Emergency Planning for Your Dog’s Care If You’re Hospitalized for COVID-19

Planning for your dog if hospitalized with COVID-19

With COVID-19 continuing to be a major health crisis in our country,  it’s important for dog parents to plan for unforeseen circumstances. What would happen to your pets if you became ill and had to be hospitalized — or worse? 

We’re not trying to be alarmist here, and it’s certainly not a subject that anyone wants to dwell on, but having an emergency plan in place is part of responsible pet ownership. Developing this plan and knowing that your darling dog will be taken care of, even if you are incapacitated and unable to do so yourself, will bring you peace of mind. 

Related: Could Dogs Sniff Out the Coronavirus?

Here are a few ways to ensure your dog is safe if you can’t be around.

Give Your Dog a ‘Godparent’

Does your dog have a friend or family member who loves your pooch almost as much as you do, and who will take her in without hesitation should the need arise?

Don’t simply assume that your BFF will swoop in to save the day, dog-wise. No matter how much love and affection another person lavishes on your dog, they may not be in a position to care for an animal; maybe they live in a no-pets-allowed apartment complex, perhaps their partner is allergic or possibly they don’t have the financial means. 

Find someone you can trust with your dog if something were to happen. Establish specific steps that would be expected of them, and make certain they understand the responsibility. While serious accidents, illnesses and death can be difficult to discuss, do it for your dog and her future welfare.

Once you have a commitment from the emergency caretaker, give them a key to your place and show them where your dog’s supplies are. Take them on a tour of your home if they aren’t already familiar with it, pointing out places where your dog likes to sleep and hang out — and hide, if that’s an issue.

Related: Dog Delights Medical Staff With Care Package Deliveries

Arrange for Boarding as a Backup

If you can’t get a firm commitment from anyone, look into a kennel or boarding facility. It’s not ideal, but if your dog must go somewhere for a short time or on a temporary basis, this beats the alternative of a shelter. And it makes for a good backup in case the friend or loved one you’ve lined up is unavailable for any reason.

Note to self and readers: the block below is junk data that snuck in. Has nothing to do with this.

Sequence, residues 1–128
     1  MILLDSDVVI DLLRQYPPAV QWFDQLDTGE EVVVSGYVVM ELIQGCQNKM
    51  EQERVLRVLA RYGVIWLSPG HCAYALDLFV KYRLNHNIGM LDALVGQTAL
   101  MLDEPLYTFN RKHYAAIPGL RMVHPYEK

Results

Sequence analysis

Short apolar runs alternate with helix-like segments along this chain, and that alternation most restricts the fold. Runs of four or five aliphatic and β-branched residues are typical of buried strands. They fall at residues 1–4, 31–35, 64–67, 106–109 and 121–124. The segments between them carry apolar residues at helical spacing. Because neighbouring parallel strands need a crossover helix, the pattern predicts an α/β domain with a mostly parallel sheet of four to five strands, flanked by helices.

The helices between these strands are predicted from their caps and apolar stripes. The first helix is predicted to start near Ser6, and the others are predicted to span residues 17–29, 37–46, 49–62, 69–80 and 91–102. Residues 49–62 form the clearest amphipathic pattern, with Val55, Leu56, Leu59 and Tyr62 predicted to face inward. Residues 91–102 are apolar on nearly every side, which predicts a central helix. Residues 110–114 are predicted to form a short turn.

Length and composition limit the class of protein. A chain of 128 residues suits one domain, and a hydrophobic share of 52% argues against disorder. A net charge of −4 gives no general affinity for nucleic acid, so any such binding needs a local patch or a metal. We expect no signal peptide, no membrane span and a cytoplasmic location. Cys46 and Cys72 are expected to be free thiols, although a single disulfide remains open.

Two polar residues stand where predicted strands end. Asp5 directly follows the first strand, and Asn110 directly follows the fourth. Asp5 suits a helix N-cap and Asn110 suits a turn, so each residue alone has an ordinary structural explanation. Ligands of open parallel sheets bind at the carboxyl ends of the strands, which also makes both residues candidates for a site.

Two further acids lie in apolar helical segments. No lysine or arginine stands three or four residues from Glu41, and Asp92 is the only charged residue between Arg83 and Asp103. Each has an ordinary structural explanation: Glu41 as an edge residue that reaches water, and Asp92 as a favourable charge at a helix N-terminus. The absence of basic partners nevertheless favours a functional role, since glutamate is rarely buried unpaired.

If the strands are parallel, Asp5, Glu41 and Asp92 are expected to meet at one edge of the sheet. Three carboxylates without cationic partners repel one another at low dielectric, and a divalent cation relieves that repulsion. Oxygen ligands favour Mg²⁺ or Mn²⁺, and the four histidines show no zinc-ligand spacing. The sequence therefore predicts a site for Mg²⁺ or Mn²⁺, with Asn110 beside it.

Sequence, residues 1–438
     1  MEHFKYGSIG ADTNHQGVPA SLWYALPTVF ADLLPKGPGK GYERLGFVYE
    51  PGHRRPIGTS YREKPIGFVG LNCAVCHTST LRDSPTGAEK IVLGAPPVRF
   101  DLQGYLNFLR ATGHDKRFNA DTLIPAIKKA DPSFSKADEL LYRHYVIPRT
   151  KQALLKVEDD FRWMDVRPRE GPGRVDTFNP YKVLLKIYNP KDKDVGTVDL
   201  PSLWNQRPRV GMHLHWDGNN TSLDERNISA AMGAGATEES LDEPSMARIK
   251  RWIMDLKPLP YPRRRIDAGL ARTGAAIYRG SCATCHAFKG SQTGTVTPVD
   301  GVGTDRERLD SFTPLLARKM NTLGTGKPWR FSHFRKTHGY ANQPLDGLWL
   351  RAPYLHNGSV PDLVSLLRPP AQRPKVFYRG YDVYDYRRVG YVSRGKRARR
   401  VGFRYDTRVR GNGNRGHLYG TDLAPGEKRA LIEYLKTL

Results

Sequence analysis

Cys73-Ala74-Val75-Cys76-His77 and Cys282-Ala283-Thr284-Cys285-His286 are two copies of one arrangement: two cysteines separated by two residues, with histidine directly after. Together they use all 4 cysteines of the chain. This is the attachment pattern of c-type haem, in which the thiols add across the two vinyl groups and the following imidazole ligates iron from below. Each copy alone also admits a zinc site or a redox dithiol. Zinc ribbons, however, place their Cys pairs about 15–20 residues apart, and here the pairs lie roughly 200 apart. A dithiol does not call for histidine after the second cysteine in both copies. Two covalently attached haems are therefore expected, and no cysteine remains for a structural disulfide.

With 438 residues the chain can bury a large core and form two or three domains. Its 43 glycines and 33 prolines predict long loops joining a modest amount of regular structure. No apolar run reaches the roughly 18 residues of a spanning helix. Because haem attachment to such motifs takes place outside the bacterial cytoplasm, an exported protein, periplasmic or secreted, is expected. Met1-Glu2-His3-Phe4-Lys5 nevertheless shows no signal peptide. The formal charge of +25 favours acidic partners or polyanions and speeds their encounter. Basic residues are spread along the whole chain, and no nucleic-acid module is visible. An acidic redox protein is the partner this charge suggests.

Again, be proactive and thorough. Visit the facility, speak to them about your wishes and make it a point to bring your pup in too. That way, the place won’t be completely unfamiliar if they do end up staying there. 

Make sure the kennel has a copy of your dog’s medical history and any other paperwork, and leave your credit card information, so there are no snags that might make an unfortunate situation worse.

Pack a Go Bag

Your next step is to gather up some essentials into an emergency kit. This should include:

  • Your dog’s crate or carrier and a bed
  • A one- to two-week supply of food and treats
  • A leash and a collar with ID tags
  • Toys, blankets, and shoes or clothing if your dog wears them
  • Any medications your dog takes
  • A folder containing the names and contact info for your pet godparent and a backup, if you have one
  • Contact information for the kennel and your veterinarian
  • Vaccination and other medical records
  • A brief write-up of care instructions, including any behavior that would behoove a caretaker to know — for example, if your dog tends to bolt or is aggressive toward other breeds.  
  • Microchip information (make sure it is up to date)

Also, if you don’t already have one, purchase or put together a simple pet first-aid kit to handle any emergencies. (It’s wise to keep one of these on hand anyway.)

You Owe It to Your Dog — And to Yourself

Your dog might mean the world to you — but you are your dog’s entire world. Therefore, developing and executing an emergency plan is essential. It’s a given that you would do everything in your power to come home to your canine companion, safe and sound, every day, but there’s no telling what fate may have in store for you. 

Not only will your preparedness ensure that your dog gets the best possible care in the event of an unforeseen crisis, but it also means that you will have one less thing to worry about, regardless of where you are and how you’re faring.

Related: Coronavirus: How to Safely Go On a Walk With Your Dog

By Nicole Shein

Nicole Shein has been a wordsmith and an animal lover ever since age 5, when she penned a book about the courtship and marriage of two rabbits named Charlie and Lila — but needed her mother to spell most of the words for her. Nowadays, she works solo as a freelance writer and editor. Her writing has appeared in or on This Old House magazine,, and Nicole lives in Rochester, NY with her partner and two children, but dreams of one day owning a rambling, rustic old farmhouse with plenty of land to accommodate all the animals she would love to rescue.

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